Leaky gut is a digestive issue that most commonly affects performance horses. It can increase the risk of colic and causes systemic inflammation. It is said that 70% of the horse’s immune system resides in the gut. The horse’s gastrointestinal tract breaks down food and absorbs nutrients while blocking toxins and microbes from entering the body.
Diarrhea is a common problem in horses as it can be a result of many different causes.  It is typically a sign of infection or dysbiosis in the hindgut. Diarrhea is defined as the excessive and frequent defection of loose or liquid stool. It can result in imbalanced electrolyte levels and impaired water absorption throughout the intestine.
Dealing with a horse that has diarrhea requires careful attention to their feeding plan and to their daily management. In some cases, diarrhea is a temporary annoyance that resolves itself with minimal intervention. Chronic cases in which diarrhea persists for at least 7 to 14 days can require greater intervention.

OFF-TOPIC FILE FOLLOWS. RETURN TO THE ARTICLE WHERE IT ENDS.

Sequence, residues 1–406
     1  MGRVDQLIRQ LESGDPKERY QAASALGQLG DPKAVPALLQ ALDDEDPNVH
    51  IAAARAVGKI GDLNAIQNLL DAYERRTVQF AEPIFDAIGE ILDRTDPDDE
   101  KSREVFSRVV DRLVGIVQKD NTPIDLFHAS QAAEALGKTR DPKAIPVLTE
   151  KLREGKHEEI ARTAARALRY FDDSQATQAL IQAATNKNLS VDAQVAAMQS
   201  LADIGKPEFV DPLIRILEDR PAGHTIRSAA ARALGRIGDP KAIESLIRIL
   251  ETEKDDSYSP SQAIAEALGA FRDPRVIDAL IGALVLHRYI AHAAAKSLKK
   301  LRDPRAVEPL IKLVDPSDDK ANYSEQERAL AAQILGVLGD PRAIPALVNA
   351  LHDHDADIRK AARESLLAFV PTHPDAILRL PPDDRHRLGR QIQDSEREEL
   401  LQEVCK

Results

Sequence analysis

Diarrhea can affect horses of all ages, breeds and sizes, resulting in dehydration, weight loss, poor nutrient absorption or electrolyte imbalance. Diarrhea is described as the increased excretion of liquid or semi-solid feces. Cases of equine diarrhea can range in severity from mild episodes to serious and long-term episodes, which may require veterinary attention.
Mycotoxins are naturally occurring toxic substances which are produced by mould and fungus in your horse’s hay. Mycotoxins can cause negative effects in horses including colic, gastrointestinal upset, weight loss, feed withdrawal, immune suppression, impaired performance or poor growth.